Baltimore's runway looks landed her modeling jobs, and her name continued to circulate around the music industry. In 1998 she contributed a song to the soundtrack of the film Woo. "Money," with songwriting input from Philadelphia soul veterans Kenneth Gamble and Leon Huff, rose to the middle range of Billboard magazine's Hot R&B/Hip-Hop Singles & Tracks chart. Another single, "Stand Up," cracked the top ten of the magazine's Hot Rap Singles chart.
Baltimore's Untertainment label debut album Cold As Ice, was slated for release in June of 1999. With some production work from DJ Premier, distribution from the major label Epic, and guest appearances from Ghost-face Killah and other top rappers, it seemed to hold plenty of promise. The album was even distributed to reviewers; the New York Amsterdam News praised Baltimore's "seductive ghetto-girl linguistics," although Brad Mills of All Music Guide felt that the album's content was "certainly nothing worthy of the attention she gets and guest appearances she draws."
Despite the buildup, Cold as Ice mysteriously disappeared from the radar; the AskMen.com website reported that it was "shelved due to creative differences between Baltimore and the record label, and further complications." Searching for a recording deal, she remained visible to music audiences with both screen and soundtrack appearances in director Spike Lee's 2000 satire Bamboozled (in which her contribution, "Charli," seemed designed to broaden her name recognition) and in Snipes (2001), working with rapper Nelly in the latter film. Baltimore's personal life took a turn for the better in 2001 when she married Jack Dreece.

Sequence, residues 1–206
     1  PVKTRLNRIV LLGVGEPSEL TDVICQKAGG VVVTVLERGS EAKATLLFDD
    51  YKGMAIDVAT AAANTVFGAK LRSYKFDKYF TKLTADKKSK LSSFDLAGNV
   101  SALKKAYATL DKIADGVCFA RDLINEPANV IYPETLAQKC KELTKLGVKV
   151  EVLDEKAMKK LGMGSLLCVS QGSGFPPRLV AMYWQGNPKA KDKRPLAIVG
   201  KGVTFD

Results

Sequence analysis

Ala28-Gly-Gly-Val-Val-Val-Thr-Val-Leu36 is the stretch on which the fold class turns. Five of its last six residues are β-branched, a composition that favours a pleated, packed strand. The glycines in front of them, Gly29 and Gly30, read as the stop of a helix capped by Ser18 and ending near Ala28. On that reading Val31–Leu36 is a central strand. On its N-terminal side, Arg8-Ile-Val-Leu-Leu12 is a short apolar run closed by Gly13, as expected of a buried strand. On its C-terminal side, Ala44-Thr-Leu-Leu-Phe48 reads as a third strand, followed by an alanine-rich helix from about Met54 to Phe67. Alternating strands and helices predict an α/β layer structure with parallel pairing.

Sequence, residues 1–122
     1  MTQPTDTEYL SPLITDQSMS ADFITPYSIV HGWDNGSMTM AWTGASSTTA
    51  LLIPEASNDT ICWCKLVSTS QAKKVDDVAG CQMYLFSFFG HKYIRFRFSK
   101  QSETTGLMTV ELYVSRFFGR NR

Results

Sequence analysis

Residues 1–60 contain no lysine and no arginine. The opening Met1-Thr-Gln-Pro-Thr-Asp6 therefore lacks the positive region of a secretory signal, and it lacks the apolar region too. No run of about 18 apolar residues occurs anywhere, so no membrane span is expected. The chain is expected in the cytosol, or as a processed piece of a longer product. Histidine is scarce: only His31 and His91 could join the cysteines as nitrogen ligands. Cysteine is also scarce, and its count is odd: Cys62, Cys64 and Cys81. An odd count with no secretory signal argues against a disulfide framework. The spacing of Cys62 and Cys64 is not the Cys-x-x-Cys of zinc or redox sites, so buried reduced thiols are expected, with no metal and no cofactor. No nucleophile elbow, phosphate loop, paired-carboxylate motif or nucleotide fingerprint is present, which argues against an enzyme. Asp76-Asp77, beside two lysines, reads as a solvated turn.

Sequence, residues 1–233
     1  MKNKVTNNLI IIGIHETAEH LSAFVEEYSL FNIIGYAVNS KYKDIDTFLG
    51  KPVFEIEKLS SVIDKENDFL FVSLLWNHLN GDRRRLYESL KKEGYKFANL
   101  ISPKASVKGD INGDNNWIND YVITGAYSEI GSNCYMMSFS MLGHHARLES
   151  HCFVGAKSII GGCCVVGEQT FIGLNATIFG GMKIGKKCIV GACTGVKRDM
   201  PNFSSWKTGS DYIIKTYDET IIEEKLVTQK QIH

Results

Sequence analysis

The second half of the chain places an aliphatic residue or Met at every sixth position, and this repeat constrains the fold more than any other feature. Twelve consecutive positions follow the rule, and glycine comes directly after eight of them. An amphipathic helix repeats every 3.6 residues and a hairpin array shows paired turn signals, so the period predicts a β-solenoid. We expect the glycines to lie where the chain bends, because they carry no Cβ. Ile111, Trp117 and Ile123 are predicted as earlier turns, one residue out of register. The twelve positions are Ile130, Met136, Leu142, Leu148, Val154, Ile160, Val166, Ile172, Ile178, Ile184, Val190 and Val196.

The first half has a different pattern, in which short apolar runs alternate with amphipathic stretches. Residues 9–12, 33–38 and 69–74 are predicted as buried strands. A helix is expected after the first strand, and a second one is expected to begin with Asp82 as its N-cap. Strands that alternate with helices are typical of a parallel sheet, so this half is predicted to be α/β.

In 2002 Baltimore signed on with the Murder Inc. label, where hip-hop mastermind Irv Gotti (Irv Lorenzo) was perfecting a commercially savvy variant of the music, featuring sexy female vocalists such as Ashanti. A master practitioner of the cross-branding that had increasingly come to dominate the hip-hop scene, Gotti at first exploited Baltimore's modeling background; he announced a partnership with the Revlon cosmetics firm and planned to revive its Charlie perfume in a campaign featuring Baltimore. "Icily beautiful, she is the perfect role model for a perfume launched to original Charlie's Angels-type women in 1973," noted Dom Phillips of the London Guardian. A track from a new Baltimore album-in-progress featured a hook sampled from the perfume's original advertising campaign.